Moriggl never replied to my emails. Hence I contacted the Medical University of Vienna with the evidence in his papers, in August 2017 (incidentally, one member of their Scientific Advisory Board is the radiologist and self-plagiarist Hedvig Hricak, from Memorial Sloan Kettering Cancer Center (MSKCC) in New York, read here). The Vice-Rector for Research, Michaela Fritz  replied to me the next day:

“Thank you for the information. After consultation with the University of Veterinary Medicine Vienna, the case will be taken up by the Ombudsman of the Vetmeduni, which has already contacted you”.

Indeed, the Ombudsperson of the Vetmeduni Vienna, Mathias Müller wrote to me in parallel:

“Your mail from 23 August 2017 to the management of the Medical University of Vienna was forwarded to the Ombudsoffice of the Vetmeduni. The issues are currently being discussed with the authors. The PubPeer presentations will be addressed with the publishers by submitting point-to-point comments”.

FIG D

In Javeheri et al Cell Death & Disease 2016, blots for signal HA-EWS/FLI1 and HSC-70 (upper figure) as well as for phosphorylated protein RB (pS780-RB) and total protein RB (lower figure) seem not to match. These gels seem to lack their correct loading controls.
The mismatched phospho- and total protein Western blots are not the only problem with this Javeheri et al 2016 paper from the Moriggl lab. Another loading control blot seems to be duplicated (Source: PubPeer), which should be easily checked given the recent publication of this paper and certain availability of original data.

Prior to writing this article, I asked the Ombudsman Müller for an update, but received no reply.  There are more inconsistencies in Moriggl papers, like this collaborative paper Gotthardt et al Cancer Discovery 2016 from the neighbouring Vienna lab of Veronica Sexl at the same Medical University Vienna. Interestingly, Sexl has other papers flagged on PubPeer and had already to correct one, namely Kollmann et al, Cancer Cell 2013.

FIG G
The loading control for total protein STAT5A/B does not seem to match its phosphorylated blot in   Gotthardt et al Cancer Discovery 2016

It is of course very likely that correct loading controls will be found and Moriggl will be able to correct his publications to show the matching pairs of gels. Those papers are very fresh after all, the data is certainly readily available. Otherwise readers would be forced to be sceptical about the scientific validity of these Western blot analyses. Without the correct loading control for the exactly same gel, to show the protein loading ratios, a celebrated difference in expression or phosphorylation of a regulatory protein might be nothing but an artefact.


Update 2.11.2017. Matthias Müller, ombudsman of the Vetmeduni Vienna, wrote me this email today:

“Dear Dr Schneider!
With regard to your e-mail dated 23.Aug.2017 to the Rectorate of the Medical University of Vienna, which has been forwarded to the Ombudsman of the Vetmeduni, I can inform you that the issues were clarified with the authors of the publications in Cell Death & Disease and Diabetes.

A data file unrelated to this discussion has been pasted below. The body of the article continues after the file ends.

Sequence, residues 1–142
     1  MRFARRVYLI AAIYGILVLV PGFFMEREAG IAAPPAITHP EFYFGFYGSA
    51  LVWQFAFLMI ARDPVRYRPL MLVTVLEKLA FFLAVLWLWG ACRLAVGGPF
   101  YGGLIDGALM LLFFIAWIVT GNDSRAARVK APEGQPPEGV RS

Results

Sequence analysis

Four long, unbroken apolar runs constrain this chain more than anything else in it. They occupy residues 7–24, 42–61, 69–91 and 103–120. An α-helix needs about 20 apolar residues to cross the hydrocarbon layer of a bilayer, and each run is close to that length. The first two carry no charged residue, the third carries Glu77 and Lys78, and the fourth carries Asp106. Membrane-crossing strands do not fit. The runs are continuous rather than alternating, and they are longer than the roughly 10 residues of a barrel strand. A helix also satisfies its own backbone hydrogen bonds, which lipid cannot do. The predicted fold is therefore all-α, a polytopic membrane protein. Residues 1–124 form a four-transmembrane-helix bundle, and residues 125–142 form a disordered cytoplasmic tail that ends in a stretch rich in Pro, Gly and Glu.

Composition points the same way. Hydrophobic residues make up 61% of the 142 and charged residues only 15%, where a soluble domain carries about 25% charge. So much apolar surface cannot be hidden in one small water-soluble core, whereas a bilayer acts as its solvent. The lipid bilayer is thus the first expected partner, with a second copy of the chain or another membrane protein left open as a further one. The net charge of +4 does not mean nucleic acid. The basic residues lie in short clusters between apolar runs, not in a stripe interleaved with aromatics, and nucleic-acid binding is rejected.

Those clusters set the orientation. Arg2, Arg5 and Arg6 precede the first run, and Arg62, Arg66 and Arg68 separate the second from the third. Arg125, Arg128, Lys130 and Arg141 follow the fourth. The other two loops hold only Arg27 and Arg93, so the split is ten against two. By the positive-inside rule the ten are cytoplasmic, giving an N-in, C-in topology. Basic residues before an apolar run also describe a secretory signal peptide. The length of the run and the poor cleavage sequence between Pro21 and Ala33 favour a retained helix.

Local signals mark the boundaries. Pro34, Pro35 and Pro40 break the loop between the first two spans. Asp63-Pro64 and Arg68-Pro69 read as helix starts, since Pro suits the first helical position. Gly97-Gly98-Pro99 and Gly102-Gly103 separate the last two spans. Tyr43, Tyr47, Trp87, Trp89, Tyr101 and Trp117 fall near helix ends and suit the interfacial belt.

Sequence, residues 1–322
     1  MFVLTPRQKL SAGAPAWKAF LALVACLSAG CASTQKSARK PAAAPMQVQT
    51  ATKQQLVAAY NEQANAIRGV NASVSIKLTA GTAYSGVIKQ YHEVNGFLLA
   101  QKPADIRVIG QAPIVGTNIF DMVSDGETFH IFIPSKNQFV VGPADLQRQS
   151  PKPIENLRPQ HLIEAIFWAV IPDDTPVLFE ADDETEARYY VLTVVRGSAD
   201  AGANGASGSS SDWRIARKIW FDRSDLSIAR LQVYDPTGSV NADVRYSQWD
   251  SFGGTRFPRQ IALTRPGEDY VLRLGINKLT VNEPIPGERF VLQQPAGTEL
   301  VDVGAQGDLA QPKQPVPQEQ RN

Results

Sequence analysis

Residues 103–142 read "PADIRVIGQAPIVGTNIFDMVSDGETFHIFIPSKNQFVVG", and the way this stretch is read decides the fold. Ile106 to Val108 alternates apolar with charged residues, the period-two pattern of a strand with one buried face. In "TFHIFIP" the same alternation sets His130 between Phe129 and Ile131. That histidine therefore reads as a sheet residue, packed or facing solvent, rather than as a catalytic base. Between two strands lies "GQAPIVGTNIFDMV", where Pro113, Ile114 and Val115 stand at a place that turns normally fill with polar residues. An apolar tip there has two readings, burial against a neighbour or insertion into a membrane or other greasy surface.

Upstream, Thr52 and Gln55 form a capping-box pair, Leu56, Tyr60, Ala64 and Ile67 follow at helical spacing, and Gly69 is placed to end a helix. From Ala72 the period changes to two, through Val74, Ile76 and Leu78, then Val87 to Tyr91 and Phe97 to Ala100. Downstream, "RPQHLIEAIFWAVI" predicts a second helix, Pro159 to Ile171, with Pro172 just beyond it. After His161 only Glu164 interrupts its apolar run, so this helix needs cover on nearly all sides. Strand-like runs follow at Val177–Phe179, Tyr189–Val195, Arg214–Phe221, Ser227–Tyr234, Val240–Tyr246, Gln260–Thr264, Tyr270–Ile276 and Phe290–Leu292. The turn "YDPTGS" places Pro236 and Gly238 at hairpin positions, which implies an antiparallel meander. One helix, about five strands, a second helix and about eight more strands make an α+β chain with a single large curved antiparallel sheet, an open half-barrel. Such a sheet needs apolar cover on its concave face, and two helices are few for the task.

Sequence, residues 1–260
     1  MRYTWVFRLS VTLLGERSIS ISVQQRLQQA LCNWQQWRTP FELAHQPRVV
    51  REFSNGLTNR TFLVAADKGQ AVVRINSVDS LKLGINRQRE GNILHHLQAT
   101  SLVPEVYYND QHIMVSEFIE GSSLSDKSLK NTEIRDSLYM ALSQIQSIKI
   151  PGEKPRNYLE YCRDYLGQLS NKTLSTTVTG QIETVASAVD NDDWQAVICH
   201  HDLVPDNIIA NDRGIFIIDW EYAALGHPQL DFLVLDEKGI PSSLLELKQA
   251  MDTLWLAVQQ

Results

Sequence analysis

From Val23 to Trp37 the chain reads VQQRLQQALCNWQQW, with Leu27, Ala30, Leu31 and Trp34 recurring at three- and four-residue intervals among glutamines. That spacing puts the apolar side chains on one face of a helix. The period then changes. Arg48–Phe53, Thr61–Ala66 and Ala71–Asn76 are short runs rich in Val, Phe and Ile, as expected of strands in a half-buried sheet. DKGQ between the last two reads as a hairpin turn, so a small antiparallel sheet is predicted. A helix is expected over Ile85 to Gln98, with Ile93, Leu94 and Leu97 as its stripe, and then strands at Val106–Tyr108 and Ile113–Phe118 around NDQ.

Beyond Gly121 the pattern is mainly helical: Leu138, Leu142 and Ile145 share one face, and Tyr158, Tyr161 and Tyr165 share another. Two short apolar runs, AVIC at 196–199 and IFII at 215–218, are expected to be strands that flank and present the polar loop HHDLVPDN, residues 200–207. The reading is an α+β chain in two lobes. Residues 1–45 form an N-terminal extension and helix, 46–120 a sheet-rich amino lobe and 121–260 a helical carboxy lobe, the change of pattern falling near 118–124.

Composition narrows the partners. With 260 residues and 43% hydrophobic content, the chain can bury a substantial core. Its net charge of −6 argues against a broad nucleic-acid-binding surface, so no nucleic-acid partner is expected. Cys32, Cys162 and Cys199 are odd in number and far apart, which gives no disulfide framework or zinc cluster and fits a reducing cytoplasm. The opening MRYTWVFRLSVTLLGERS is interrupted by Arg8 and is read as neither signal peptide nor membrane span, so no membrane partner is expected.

Replies were made to the PubPeer posts by means of ‘point-to-point’ statements and also sent to the editorial boards of Cell Death & Disease and Diabetes with a request to consider a publication of a corrigendum.
Both Editorial Offices have now approved the Erratum requests and will publish the Corrigenda in the earliest available journal issue”.

Update 13.11.2007. Is the Moriggl lab under investigation by Austrian Science Fund FWF?


 

 

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52 comments on “On Western blot loading controls: lessons from Richard Moriggl lab

  1. In my opinion the WB is a disgraced old technique which alraedy has good alteranatives such as quantitative mass spectometry and ELISA (which results are not dependent of images). An alternative to cope with the WB technical problems would be the further development of automated WB technology

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  2. In ELISA you have no information on the relative size of the protein, where sin WB you do. This can yield a lot of interesting information, as post translational modifications can alter the migration of the protein. Such changes may include phosphorylation (e.g., if you use a phospho site specific antibody, seeing multiple bands indicates that one should look for other phosphorylation sites or modifications, that may occur in tandem.
    So it is a great method, but like everything there is a great deal of craft and shortcuts should not be taken.
    I would agree that mass spectrometry should be the gold standard, though all to often when submitting a proteomics paper a reviewer asks for some of the discoveries to be ‘validated by WB’. Of course it should be the other way around.

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  3. In my opinion:
    1. An accurate determination of protein content of the samples and good laboratory practices should allow the researchers to load the same amount of protein in each lane of WB.
    2. Work with sample duplicates in the same gel would allow researchers to test their own accuracy in the WB.
    3. To load different amounts of protein of the same sample in different adjacent lanes of the gel would allow researchers to test how ‘lineal’ is their effect.
    4.A loading control should not change during the experiment. This should be confirmed.